Two of the 5 patients in the present study who developed colon cancer had stage IIIA, and one each had stage IIIB, stage I, and carcinoma in situ. One of 2 patients with pancreatic cancer had stage I, and the other had stage III. One of the 2 patients with gastric cancer had stage I. The one patient with hepatocellular carcinoma had stage III. Both patients with lung cancer had unresectable advanced stage. The pancreatic cancer in both patients was detected in the resectable stage. One pancreatic cancer patient presented with stenosis of the pancreatic duct; the preoperative pathological diagnosis was high-grade dysplasia. Histological findings of the surgical specimen revealed pancreatic cancer cells in the small part of main pancreatic duct, with diffuse inflammatory IgG4-positive plasma cells, lymphocytes infiltration, and obliterative phlebitis in the pancreatic head. The other pancreatic cancer patient presented with atrophic pancreas and infiltrated IgG4-positive plasma cells and lymphocytes around the main pancreatic duct. Cancer cells were detected in the pancreatic head, which metastasized to the lymph nodes.
Total Steroid Dose and Duration of DM
The total steroid dose varied. Three of the 12 patients who developed malignancies after the diagnosis of AIP had not received steroid therapy, and the other 9 patients (75%) had received total steroid doses of 2.9-15.9 g. Nine of the 12 patents had received steroid therapy (Table 3), and maintenance steroid therapy was continued in 8 of the 9 patients. To clarify the effect of steroid therapy on the risk of malignancy, we compared the total steroid doses of the group of AIP patients with a malignancy that had been detected after the diagnosis of AIP and the group of AIP patients in whom a malignancy had not been detected (Figure 1). The differences between the total steroid doses of the two groups were not statistically significant, suggesting that steroid therapy does not promote the development of malignancy and is not a risk factor for malignancy in AIP patients. Finally, we investigated the association between the presence of DM and occurrence of malignancies in AIP patients, but the results showed that the presence of DM was not associated with an increase the incidence of malignancy (Table 1).
Previous studies have reported malignancy prevalence of 10.4%-18% in AIP patients [18, 19, 20, 21], a prevalence range that was consistent with our own findings in the present study, and the most frequent type of malignancy in the AIP patients in the previous studies was colon cancer, which was followed by lung cancer and then gastric cancer. A recent multicenter international analysis revealed that malignant neoplasms had been found in 57 of 978 type 1 AIP patients, and the most frequent malignancies in descending order of incidence were gastric cancer, lung cancer, prostate cancer, colon cancer, and pancreatic cancer . Earlier studies also reported higher incidences of gastric cancer, lung cancer, and colon cancer than pancreatic cancer in Japanese AIP patients [18, 20, 22, 23]. It seems that patients who regularly attend a hospital clinic because of AIP are more likely than healthy subjects to receive gastrointestinal endoscopic examinations and that may have led to early detection of their gastrointestinal cancers.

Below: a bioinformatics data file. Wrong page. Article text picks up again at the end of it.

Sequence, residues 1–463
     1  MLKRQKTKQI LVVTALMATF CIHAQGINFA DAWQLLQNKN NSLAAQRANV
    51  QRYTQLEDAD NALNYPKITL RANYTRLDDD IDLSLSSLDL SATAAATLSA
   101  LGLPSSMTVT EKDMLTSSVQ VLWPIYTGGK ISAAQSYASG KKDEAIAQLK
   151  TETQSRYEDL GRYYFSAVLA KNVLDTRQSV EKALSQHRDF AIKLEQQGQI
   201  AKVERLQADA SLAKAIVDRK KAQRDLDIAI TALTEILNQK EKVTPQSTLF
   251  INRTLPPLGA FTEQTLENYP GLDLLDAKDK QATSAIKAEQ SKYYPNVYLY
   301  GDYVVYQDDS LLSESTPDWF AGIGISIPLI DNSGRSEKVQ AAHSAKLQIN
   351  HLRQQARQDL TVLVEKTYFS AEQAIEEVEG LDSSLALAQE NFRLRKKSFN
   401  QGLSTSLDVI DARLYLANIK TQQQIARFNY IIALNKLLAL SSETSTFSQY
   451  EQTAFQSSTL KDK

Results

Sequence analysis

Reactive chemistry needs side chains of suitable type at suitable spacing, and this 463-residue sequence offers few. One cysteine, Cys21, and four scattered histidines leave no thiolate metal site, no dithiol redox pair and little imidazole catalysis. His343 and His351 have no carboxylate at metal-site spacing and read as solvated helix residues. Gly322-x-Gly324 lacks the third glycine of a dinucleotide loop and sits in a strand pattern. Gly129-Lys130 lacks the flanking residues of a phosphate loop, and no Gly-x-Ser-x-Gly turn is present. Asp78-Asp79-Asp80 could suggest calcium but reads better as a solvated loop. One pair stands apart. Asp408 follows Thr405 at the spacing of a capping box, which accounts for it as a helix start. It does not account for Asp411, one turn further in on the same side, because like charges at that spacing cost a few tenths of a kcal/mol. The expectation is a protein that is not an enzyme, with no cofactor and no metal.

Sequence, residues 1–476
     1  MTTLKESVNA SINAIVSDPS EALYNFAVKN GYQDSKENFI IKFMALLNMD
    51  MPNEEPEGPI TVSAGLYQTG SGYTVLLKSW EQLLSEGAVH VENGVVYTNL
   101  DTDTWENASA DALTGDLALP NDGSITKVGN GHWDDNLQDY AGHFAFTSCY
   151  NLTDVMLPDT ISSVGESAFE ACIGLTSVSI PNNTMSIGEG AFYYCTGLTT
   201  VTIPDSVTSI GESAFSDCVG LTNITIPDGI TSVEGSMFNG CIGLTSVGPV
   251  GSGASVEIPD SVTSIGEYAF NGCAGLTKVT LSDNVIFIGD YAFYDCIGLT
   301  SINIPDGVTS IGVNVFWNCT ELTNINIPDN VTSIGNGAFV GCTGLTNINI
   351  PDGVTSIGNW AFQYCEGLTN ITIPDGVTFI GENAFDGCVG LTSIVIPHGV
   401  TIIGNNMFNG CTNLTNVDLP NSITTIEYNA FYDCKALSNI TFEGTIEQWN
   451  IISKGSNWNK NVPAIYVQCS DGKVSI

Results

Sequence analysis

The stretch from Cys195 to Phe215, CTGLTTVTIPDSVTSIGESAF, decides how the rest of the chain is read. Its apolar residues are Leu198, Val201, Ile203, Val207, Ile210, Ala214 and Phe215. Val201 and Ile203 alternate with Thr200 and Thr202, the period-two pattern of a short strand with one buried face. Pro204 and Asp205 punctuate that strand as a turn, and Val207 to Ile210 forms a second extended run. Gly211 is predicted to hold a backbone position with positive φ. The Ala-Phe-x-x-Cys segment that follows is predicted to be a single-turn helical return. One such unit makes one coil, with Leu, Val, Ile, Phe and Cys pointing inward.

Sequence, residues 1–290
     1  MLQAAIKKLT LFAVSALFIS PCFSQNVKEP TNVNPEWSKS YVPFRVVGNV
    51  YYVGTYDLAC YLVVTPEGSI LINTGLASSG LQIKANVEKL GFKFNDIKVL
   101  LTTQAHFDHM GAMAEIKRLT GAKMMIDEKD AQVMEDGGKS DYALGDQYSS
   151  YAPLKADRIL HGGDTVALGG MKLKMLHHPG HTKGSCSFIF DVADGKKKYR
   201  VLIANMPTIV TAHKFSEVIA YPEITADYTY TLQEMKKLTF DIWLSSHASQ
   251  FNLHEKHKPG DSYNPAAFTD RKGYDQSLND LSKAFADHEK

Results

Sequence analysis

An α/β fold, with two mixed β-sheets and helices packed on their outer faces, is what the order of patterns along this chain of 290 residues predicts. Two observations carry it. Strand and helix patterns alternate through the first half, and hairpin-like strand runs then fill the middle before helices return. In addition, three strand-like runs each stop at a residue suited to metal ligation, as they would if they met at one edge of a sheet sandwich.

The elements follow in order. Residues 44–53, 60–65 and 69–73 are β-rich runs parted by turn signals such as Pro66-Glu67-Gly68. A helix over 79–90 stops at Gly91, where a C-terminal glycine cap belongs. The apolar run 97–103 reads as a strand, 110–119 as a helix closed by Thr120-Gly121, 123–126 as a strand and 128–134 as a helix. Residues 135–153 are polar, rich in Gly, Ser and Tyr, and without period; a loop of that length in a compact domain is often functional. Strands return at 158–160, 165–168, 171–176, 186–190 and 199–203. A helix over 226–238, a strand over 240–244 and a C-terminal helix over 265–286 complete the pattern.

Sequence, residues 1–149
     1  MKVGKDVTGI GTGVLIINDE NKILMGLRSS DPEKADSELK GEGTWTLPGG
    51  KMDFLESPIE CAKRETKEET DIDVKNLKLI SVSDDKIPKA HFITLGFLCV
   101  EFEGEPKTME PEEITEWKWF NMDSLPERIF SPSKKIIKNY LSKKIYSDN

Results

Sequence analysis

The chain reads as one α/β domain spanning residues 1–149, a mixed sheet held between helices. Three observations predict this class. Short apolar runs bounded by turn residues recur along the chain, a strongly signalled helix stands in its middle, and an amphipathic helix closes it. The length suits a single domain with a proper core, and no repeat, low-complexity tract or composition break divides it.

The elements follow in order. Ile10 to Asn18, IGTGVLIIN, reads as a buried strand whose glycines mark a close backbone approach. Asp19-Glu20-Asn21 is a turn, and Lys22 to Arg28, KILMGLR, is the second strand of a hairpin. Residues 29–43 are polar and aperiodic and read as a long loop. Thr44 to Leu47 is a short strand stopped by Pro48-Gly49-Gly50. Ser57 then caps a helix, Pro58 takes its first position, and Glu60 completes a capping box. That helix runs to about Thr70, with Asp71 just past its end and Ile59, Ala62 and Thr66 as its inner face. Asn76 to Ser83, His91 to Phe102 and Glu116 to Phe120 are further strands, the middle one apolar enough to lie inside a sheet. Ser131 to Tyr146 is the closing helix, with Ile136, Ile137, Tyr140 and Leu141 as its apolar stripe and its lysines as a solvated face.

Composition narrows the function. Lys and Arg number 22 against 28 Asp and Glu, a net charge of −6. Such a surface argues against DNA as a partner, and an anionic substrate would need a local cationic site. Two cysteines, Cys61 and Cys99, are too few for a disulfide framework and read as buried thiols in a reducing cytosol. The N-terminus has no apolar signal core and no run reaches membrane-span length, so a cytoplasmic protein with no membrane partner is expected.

A malignant neoplasm was detected within a year after the diagnosis of AIP in 9.0% of the 78 type 1 AIP patients in the present study, and they accounted for 58.3% of the 12 AIP patients in whom a malignancy had been detected after the diagnosis of AIP. The incidence of malignant neoplasms tended to be higher within a year after the diagnosis of AIP, and there were no AIP relapses after cancer treatment, suggesting that the development of malignant neoplasms among AIP patients is associated with the occurrence of autoimmune disease.
While it is unclear why malignant neoplasms often develop within a year after the diagnosis of AIP, there are several hypotheses to explain the association between malignancies and AIP. First, chronic inflammatory disease causes malignancies such as colitic cancer in ulcerative colitis, hepatocellular carcinoma in hepatitis C, and pancreatic cancer in chronic pancreatitis . Kamisawa et al. reported detecting more frequent K-ras mutations in the gastric and colonic mucosae of AIP patients as well as in their pancreatic epithelia [25, 26]. Mutationally activated K-ras is the earliest genetic mutation in precancerous lesions and has been found in more than 95% of pancreatic cancer patients and in 27% of chronic pancreatitis patients. Based on these findings, oncogenic K-ras mutations are thought to promote gastric and colon cancer in AIP patients. While K-ras mutation is an early step in the progression toward pancreatic cancer, the incidence of pancreatic cancer was lower than the incidences of other gastrointestinal cancers in the present study as well as in previous studies [18, 19, 20, 23]. Pancreatic intraepithelial neoplasia (PanIN) is recognized as the precursor lesion of invasive pancreatic cancer, and activated K-ras mutations are almost always present in the early stage of PanIN. Gapta et al. have reported detecting PanIN and PanIN 2 in 82% and 25%, respectively, of AIP cases . Their reports support the hypothesis that AIP is associated with an increased risk of malignancy. Pancreatic cancer was diagnosed in 2 of the 78 AIP patients in our study. One of the 2 patients with pancreatic cancer had both a history of three cancers in different organs before the diagnosis of AIP, and a family history of pancreatic cancer, suggesting that genetic factors play a major role in the development of pancreatic cancer. The pancreatic cancer in the other patient was diagnosed 9 years after the diagnosis of AIP, and the patient had received steroid maintenance therapy for 9 years because of repeated AIP relapses. Thus, K-ras mutations and PanIN lesions are likely to be involved in the progression of malignancies in patients with a longer duration of AIP.